In State v. Arroyo, supra, which involved a Sandstrom claim, we cautioned against oversimplification of the court's holding in that case by stating: "Sandstrom does not invalidate the use of all inferences and presumptions with regard to criminal intent. To the contrary, the court took care to incorporate its analysis of inferences and presumptions in an opinion issued two weeks earlier; Ulster County Court v. Allen, 442 U.S. 140, 99 S.Ct. 2213, 60 L.Ed.2d 777 (1979); where it sanctioned the use of an `entirely permissive inference or presumption, which allows — but does not require — the trier of fact to infer the elemental fact from proof by the prosecutor of the basic one and that places no burden of any kind on the defendant.' Ulster County Court, supra, 157. Clearly, the use of the word `presumes' is not in and of itself what rendered the charge in Sandstrom invalid. It was the `lack of qualifying instructions as to the legal effect of the presumption'; Sandstrom, supra, 46; in addition to the use of the word `presumes,' which rendered it possible that a reasonable jury could have interpreted the instruction as either a conclusive or burden-shifting presumption, thereby depriving the defendant of his right to due process of law. Id." State v. Arroyo, supra, 175. The question presented by this appeal, then, is whether in light of the whole charge, a reasonable juror could have interpreted the language objected to as creating either a conclusive or a burden-shifting presumption, thereby depriving the defendant of his right to due process of law.
We have carefully examined the whole charge and have concluded that the defendant was not denied due process of law. Although the term "presumed" was not specifically defined by the trial judge, the terms "infer" and "inference" were specifically and repeatedly explained in permissive terms. Just prior to giving that portion of the charge objected to, the court instructed the jury at length on circumstantial evidence, which it said was "an important factor in this case," and the inferences the jury could draw therefrom. After the instruction relating to the presumption, the court stated: "So you may draw whatever inferences you find to be reasonable from the action. To draw inferences is not only the privilege but the duty of the jury, provided the inference is a reasonable one." (Emphasis added.) Later in the charge on intent the court stated: "Whether the criminal intent existed at the time of the commission of the alleged criminal act must of necessity be inferred and found from other facts which in their nature are the subject of specific proof, and for this reason, other constituents of the crime being proved, it will be left for you to determine from all the circumstances whether the criminal intent existed."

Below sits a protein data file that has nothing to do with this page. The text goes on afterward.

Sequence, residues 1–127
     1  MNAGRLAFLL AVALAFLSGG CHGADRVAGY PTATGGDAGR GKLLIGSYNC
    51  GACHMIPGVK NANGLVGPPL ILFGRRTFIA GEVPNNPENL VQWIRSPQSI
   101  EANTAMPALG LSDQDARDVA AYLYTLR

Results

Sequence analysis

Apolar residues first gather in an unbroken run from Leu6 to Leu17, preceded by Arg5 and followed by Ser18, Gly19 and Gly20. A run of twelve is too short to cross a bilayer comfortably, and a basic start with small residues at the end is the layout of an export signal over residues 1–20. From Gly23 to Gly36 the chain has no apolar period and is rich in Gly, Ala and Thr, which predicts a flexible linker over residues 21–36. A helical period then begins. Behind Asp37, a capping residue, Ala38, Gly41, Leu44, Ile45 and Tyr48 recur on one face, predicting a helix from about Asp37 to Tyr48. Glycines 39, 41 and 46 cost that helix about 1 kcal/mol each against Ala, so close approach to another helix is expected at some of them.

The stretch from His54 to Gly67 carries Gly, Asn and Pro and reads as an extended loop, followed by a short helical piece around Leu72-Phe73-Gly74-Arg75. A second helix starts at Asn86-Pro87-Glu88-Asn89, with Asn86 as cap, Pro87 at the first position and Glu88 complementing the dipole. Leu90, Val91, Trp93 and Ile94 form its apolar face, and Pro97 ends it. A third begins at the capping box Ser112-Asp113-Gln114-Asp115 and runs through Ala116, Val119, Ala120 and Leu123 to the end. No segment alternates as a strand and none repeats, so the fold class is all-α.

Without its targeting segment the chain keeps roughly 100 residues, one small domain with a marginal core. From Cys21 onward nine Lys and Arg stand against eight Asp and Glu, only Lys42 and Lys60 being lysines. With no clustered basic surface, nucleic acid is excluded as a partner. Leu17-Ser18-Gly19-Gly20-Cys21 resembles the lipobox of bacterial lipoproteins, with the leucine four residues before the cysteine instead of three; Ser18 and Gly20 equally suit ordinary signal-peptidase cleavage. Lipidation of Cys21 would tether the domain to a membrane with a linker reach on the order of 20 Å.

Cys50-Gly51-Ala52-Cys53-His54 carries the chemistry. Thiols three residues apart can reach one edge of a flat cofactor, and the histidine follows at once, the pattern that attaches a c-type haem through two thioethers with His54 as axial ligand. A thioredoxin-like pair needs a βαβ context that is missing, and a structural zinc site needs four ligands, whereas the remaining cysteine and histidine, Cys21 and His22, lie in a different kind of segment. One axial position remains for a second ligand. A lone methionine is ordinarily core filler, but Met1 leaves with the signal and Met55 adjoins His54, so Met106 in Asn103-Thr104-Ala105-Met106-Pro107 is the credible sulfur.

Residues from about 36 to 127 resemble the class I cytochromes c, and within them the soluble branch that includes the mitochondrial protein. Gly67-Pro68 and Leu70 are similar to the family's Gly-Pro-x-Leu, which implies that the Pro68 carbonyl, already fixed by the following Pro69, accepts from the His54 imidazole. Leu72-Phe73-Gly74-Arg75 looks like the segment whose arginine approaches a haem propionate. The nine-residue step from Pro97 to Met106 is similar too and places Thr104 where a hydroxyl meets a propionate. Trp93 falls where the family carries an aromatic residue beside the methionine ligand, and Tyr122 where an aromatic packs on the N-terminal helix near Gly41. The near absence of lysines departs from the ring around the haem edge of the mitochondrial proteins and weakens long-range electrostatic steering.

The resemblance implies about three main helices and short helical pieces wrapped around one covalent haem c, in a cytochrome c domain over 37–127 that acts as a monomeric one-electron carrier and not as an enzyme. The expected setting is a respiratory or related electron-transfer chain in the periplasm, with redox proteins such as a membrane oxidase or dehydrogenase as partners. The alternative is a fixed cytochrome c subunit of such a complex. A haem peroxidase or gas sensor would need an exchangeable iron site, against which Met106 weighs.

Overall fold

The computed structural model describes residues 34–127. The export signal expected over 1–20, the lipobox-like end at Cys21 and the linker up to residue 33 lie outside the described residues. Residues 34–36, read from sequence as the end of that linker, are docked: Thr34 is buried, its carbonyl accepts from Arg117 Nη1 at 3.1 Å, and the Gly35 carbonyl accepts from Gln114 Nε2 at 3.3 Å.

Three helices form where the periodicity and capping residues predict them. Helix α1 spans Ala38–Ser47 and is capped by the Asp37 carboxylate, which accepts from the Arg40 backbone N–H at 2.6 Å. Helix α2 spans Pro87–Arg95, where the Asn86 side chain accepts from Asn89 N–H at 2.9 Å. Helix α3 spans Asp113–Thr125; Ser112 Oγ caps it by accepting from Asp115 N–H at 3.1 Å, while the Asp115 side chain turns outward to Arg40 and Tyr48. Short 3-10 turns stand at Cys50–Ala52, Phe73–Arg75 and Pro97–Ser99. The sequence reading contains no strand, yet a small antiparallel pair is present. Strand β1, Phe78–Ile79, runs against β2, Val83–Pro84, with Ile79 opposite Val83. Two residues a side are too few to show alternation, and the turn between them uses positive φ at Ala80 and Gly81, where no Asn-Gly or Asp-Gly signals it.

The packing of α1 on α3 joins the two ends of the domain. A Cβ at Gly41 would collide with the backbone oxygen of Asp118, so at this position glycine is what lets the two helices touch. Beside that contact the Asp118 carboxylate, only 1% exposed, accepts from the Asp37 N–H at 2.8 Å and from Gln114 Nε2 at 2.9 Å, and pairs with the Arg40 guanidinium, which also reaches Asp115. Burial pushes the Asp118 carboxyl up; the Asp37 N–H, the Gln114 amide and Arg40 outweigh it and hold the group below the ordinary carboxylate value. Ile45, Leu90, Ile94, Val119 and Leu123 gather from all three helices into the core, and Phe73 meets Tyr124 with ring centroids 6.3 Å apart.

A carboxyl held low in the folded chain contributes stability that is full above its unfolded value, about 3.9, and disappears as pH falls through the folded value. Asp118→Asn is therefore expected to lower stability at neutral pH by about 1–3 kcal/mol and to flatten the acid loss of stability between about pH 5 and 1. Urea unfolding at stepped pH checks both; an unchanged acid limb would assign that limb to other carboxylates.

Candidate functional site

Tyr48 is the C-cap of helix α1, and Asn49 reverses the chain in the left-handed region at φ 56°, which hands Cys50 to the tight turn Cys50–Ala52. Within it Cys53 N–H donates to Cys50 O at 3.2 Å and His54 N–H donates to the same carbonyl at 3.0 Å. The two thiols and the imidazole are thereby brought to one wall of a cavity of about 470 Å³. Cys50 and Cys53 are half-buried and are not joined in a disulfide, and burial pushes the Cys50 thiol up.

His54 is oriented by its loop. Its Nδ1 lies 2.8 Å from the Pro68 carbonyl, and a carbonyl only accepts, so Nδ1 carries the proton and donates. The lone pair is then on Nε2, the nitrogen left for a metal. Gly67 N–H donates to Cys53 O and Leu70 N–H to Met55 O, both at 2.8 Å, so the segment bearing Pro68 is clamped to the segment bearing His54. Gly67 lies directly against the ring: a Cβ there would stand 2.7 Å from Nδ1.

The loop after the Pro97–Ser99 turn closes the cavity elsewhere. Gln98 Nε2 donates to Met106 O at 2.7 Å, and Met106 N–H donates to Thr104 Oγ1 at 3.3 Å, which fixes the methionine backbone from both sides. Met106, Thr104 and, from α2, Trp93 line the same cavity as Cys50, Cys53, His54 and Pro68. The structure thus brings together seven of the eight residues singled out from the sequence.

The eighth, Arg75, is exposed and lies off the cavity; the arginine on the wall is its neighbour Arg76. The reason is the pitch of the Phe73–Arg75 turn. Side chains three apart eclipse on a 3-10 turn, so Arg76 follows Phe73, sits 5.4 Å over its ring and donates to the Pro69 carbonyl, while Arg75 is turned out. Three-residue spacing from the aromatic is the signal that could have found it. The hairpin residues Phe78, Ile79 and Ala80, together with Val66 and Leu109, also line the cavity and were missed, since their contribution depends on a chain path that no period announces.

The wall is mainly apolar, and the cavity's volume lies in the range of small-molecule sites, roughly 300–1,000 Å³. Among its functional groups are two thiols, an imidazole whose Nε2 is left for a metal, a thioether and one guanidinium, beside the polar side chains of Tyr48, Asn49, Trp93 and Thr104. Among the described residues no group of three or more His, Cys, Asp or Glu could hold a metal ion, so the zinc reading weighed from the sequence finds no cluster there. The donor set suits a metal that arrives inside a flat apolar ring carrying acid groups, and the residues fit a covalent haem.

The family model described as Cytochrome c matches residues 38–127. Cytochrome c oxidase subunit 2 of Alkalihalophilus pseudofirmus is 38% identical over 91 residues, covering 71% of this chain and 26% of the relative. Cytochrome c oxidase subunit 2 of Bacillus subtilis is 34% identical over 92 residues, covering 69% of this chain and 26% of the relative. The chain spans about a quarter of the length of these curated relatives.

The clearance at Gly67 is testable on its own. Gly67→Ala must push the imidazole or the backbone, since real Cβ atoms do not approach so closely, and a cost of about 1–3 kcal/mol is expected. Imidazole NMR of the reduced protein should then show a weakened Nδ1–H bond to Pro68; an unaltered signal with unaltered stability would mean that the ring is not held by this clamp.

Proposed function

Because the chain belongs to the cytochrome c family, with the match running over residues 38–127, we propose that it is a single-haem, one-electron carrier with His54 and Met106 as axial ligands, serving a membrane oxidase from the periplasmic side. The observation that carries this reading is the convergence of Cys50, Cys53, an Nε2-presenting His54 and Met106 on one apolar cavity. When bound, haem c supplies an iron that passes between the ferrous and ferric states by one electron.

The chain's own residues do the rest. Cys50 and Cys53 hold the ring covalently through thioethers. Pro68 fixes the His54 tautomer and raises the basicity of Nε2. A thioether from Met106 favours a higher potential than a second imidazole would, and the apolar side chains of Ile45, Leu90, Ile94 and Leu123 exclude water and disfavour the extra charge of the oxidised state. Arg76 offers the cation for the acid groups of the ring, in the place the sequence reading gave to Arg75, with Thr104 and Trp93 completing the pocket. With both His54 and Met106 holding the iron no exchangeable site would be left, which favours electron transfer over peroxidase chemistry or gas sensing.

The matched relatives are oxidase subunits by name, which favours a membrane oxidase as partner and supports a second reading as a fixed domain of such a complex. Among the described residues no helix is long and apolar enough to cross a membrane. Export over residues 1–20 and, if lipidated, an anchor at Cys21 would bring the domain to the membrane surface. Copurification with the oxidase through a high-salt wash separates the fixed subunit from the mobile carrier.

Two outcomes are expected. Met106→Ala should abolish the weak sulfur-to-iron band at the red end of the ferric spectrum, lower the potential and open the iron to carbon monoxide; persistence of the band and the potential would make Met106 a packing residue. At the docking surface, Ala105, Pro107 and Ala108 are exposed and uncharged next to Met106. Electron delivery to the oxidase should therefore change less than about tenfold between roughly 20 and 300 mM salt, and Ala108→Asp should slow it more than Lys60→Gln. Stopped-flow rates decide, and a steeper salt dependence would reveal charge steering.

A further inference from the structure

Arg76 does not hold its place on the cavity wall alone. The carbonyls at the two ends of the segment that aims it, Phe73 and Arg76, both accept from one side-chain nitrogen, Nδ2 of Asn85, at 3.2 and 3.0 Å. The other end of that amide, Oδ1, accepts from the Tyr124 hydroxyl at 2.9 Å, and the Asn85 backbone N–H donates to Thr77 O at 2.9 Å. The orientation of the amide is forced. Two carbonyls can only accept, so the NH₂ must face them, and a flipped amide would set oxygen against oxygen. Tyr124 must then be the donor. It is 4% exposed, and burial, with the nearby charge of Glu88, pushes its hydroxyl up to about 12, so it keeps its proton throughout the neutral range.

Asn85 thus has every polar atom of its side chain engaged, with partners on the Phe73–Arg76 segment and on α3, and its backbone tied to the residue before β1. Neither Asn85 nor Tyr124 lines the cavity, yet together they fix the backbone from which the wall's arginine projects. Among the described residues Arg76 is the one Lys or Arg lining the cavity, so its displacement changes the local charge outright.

Our examination of the whole charge does not disclose that the term "presumption" was ever used other than in connection with the instruction on the presumption of innocence.
The court stated, in part: "Intent, for example, is always a matter of inference and circumstantial evidence . . . . Basically here the state does not have direct evidence of what [happened] — and what you believe is for your own determination. I am not attempting to influence you, merely to explain what circumstantial evidence is. "No one actually saw anything happening inside the car in question . . . . However, the state has offered into evidence a number of other surrounding circumstances which are for you to evaluate and choose whether to believe or not, and from that the state wants you to infer that the defendant committed the crime in question, broke into the car with an intent to take something and then fled based on that. So that there is circumstantial evidence for you to evaluate, and it is proper for you to consider direct and circumstantial evidence, so long as any inferences you draw are reasonable ones founded upon the facts."
The court also stated in this regard: "In some cases the inference which must be based upon facts in evidence is irresistible and in others it may and often is a matter of great difficulty to determine whether the accused committed the act charged with criminal purpose; but there are usually found in connection with an act done, which is charged to be criminal, attending circumstances which characterize it, and if these are absent or circumstances proved are consistent with innocence, a conviction cannot be permitted."
With respect to the court's charge on burglary, the jury were informed that the state "wants you to infer" from certain facts the existence of criminal intent. A similar statement was made in the instructions on the element of intent in the crime of larceny, and the court there referred the jury to its earlier discussion of inferences and circumstantial evidence. In the instruction on the crime of possession of burglary tools, the court charged, in accordance with General Statutes 53a-106, that such tools had to be possessed under circumstances "manifesting an intent to use or knowledge that someone intends to use them for the unlawful entry."